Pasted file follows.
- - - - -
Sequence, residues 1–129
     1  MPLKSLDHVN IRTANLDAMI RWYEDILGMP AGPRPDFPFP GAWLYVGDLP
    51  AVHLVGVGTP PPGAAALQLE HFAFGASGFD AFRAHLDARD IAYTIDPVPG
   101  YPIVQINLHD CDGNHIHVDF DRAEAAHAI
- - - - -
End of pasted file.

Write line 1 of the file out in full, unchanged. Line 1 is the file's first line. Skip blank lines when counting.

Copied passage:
Sequence, residues 1–129